When it comes to purchasing charging stations, there are a few different options. 

Types of Charging Stations

There are three “levels” of charging that electric vehicles can use to charge at different rates.

  • Level 1: Your standard, three-prong household outlet. Rated at 110-120 volts. Can add a maximum of about 6 miles of driving range per hour of charging. Most electric cars come with an included adapter that allows you to charge from a household outlet.
  • Level 2: A specialized faster charge that uses a new industry standard called the “J-1772″ connector. Requires special equipment that is sold separately from the vehicle. Rated at 220-240 volts. Adds between 15 and 30 miles of driving range per hour of charging, depending on the vehicle.
  • DC Fast Charging: Also referred to as “Level 3″ in many places, although this isn’t technically correct. Requires special, more expensive equipment that relies on high voltage to deliver a direct “dump” of electricity into a vehicle’s batteries. Rated at very high voltages (400+) and amperages (80+). Generally meant for commercial/industrial installations. Vehicles have to be specially equipped to be able to take advantage of DC Fast Charging. Adds about 80-100 miles of driving range in 20-30 minutes.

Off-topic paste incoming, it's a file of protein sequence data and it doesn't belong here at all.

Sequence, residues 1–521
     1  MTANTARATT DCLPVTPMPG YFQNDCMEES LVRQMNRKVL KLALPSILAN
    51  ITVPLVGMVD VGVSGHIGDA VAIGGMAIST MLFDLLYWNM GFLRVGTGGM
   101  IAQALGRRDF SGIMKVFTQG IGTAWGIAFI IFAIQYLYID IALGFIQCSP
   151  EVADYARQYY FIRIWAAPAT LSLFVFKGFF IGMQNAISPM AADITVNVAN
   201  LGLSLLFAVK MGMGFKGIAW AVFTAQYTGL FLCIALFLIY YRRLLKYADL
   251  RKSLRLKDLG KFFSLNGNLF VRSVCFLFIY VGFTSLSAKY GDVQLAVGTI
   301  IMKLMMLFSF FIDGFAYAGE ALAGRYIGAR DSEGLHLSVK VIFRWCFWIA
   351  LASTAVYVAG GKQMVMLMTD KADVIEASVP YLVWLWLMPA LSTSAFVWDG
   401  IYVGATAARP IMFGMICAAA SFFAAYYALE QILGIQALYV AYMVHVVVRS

Keep in mind that every vehicle and manufacturer is different when it comes to what type of charging is supported and at what rate. For instance, the 2011 Nissan LEAF supports all 3 levels of charging, however Level 2 charging is currently only supported at the slower 15 miles of range added per hour of charging and DC Fast Charging is only supported as an add-on option. Be sure to ask questions about what kinds of charging is supported when you do your vehicle research.

Available Charging Equipment

Plug In America, an electric vehicle advocacy organization, keeps a detailed and frequently updated list of available charge stations and their prices (when known).

Please feel free to contact Plug-In North Central Washington to discuss charging station considerations in greater detail.